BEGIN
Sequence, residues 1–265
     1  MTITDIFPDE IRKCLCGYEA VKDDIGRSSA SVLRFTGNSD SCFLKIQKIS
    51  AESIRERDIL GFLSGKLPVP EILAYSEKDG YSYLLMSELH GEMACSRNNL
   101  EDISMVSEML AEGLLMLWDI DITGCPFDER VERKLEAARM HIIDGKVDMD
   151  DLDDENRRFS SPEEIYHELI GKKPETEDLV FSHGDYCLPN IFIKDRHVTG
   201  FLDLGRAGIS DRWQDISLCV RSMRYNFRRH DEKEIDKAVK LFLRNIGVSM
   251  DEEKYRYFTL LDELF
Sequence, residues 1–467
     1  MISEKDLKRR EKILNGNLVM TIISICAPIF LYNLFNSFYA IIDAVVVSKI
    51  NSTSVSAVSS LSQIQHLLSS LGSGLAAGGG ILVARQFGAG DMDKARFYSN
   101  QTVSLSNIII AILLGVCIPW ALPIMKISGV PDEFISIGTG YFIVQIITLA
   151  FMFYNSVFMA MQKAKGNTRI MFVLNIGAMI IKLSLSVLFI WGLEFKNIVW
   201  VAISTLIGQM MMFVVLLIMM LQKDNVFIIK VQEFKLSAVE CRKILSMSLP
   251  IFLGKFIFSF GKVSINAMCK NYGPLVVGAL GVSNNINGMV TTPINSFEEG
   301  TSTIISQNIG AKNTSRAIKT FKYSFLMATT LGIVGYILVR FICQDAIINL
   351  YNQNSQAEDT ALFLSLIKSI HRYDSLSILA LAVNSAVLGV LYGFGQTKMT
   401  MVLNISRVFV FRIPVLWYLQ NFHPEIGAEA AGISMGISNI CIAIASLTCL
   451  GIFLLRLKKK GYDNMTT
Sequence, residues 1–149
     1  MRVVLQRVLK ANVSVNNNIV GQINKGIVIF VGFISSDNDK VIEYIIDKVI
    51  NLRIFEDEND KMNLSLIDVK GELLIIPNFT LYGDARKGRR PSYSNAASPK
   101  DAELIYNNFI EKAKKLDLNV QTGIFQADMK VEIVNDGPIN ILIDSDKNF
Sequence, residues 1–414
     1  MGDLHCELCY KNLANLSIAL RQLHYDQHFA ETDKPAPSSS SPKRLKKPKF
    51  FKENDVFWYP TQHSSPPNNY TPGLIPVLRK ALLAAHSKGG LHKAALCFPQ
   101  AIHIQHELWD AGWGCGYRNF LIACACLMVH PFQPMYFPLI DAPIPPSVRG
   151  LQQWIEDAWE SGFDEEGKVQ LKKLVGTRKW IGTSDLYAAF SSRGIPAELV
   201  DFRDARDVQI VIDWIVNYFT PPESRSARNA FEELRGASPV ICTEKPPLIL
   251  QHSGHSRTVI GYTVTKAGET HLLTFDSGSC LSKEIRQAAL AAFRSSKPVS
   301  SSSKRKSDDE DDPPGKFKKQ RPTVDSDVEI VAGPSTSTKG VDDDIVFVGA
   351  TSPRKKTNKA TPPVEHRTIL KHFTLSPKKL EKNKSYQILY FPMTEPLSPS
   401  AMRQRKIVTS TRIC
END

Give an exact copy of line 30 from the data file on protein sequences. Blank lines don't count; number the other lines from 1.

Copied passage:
   301  SSSKRKSDDE DDPPGKFKKQ RPTVDSDVEI VAGPSTSTKG VDDDIVFVGA